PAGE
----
National Workers Compensation Defense Network (NWCDN)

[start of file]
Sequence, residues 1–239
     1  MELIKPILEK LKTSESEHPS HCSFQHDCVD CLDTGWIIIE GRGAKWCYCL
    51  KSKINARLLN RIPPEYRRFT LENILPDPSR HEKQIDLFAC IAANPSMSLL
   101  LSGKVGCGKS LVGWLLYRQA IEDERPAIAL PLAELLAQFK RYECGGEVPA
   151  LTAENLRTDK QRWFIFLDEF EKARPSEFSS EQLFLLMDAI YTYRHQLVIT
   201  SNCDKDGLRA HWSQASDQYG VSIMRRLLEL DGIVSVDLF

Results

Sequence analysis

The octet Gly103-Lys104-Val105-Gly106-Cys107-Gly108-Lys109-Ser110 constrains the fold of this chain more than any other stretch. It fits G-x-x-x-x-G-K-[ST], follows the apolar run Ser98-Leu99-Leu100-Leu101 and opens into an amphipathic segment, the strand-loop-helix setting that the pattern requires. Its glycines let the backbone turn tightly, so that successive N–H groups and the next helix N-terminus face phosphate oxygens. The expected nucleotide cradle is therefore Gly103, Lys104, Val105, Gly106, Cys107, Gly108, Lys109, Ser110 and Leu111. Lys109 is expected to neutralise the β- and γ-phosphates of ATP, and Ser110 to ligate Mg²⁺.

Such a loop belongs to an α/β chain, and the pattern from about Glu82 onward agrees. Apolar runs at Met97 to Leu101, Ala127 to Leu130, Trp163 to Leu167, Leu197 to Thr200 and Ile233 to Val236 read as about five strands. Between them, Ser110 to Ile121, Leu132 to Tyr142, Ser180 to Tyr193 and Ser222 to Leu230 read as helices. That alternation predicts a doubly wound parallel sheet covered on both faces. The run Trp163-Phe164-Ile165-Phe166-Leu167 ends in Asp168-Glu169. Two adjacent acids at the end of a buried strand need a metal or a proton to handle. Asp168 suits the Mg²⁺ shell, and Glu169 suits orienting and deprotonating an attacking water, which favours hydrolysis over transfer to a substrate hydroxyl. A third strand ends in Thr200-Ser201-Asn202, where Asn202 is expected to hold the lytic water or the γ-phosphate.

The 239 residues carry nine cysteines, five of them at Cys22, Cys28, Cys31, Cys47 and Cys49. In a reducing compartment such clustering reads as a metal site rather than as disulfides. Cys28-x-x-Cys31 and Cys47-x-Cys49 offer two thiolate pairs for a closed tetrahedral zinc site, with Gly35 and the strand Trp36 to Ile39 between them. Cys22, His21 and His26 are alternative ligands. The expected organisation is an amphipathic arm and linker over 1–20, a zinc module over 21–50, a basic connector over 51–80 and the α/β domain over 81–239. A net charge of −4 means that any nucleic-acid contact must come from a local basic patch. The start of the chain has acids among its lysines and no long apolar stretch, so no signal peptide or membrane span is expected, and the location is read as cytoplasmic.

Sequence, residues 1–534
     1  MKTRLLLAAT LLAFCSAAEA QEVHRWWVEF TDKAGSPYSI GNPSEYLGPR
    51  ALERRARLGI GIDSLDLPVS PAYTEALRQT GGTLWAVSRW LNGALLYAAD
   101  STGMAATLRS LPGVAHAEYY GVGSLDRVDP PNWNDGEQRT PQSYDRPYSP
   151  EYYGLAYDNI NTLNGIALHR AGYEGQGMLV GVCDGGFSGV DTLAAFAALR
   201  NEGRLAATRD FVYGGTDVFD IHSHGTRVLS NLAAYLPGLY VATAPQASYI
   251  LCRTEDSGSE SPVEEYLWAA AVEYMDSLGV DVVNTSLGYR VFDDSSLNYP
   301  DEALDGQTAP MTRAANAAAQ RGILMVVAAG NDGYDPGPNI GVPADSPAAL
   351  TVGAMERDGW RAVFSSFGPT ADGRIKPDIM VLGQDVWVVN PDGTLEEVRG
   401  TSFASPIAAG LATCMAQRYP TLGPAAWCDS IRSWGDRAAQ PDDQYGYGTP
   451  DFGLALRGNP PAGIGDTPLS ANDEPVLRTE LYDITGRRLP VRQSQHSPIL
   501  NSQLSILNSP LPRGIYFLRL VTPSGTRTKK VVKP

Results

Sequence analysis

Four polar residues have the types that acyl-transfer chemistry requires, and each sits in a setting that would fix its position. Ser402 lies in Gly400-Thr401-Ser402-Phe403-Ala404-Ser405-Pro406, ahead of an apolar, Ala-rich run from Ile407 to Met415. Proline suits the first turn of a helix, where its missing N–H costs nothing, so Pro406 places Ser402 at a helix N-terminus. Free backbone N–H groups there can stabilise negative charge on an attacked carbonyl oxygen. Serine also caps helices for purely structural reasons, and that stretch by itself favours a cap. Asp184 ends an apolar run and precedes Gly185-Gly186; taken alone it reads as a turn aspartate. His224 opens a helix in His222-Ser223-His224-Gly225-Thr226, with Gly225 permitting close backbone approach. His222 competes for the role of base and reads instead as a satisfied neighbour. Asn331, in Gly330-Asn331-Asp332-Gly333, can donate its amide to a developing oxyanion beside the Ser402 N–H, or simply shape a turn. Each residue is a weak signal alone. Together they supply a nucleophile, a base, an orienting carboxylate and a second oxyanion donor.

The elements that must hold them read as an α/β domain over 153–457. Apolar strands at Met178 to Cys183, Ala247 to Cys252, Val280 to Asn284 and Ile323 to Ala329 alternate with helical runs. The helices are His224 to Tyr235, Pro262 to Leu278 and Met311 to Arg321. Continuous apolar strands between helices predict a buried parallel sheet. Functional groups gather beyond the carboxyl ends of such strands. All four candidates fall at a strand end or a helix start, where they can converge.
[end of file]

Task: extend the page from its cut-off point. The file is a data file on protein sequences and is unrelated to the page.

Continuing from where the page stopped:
Claimant was involved in a compensable work accident with multiple alleged injuries. At a prior Hearing in 2017, the claimant alleged ongoing injury to the head and neck, while seeking payment of surgery and other benefits related to same. The Board agreed with the Employer’s experts and found that any injuries to the head and neck had long since resolved. While the surgeries at issue were denied on technical grounds, they would still not be compensable due to the finding of resolution.Claimant then filed Petitions seeking permanent impairment to the head and neck, as well as disfigurement to the neck related to one of the surgeries that had previously been denied. The Employer filed a Motion to Dismiss, citing to Christiana Care Health Services v. Davis, 127 A.3d 391 (Del. 2015), which affirmed a dismissal on similar grounds, as entitlement to benefits ends once a work-related injury has resolved. At the Legal Hearing, claimant argued that the recent Delaware Supreme Court case of Washington v. Delaware Transit Corp., 226 A.3d 202 (Del. 2020), stood for the proposition that the Board cannot dismiss permanency/disfigurement when those issues were not raised at the prior Hearing. The Board rejected the claimant’s arguments and found in favor of the Employer. The Board distinguished Washington as involving different circumstances; specifically, Washington involved a finding in a Termination Petition that the claimant could return to work as the basis for dismissing a subsequent permanent impairment claim. By way of contrast, the prior Petition in this matter involved questions of whether there were ongoing, compensable injuries to the head and neck. As the Board found there were not, the claimant lost all entitlement to subsequent benefits for those body parts. According to the Board, “Once the Board finds that a compensable injury resulting from a work accident either does not exist or has subsequently resolved, there simply can be no further entitlement to benefits with respect to that claimed injury.” Therefore, claimant’s Petitions were dismissed.Should you have any questions regarding this Decision, please contact Nick Bittner, or any other Attorney in our Workers’ Compensation Department.Rebecca Clark v. State of Delaware, IAB No. 1393189, July 30, 2020.
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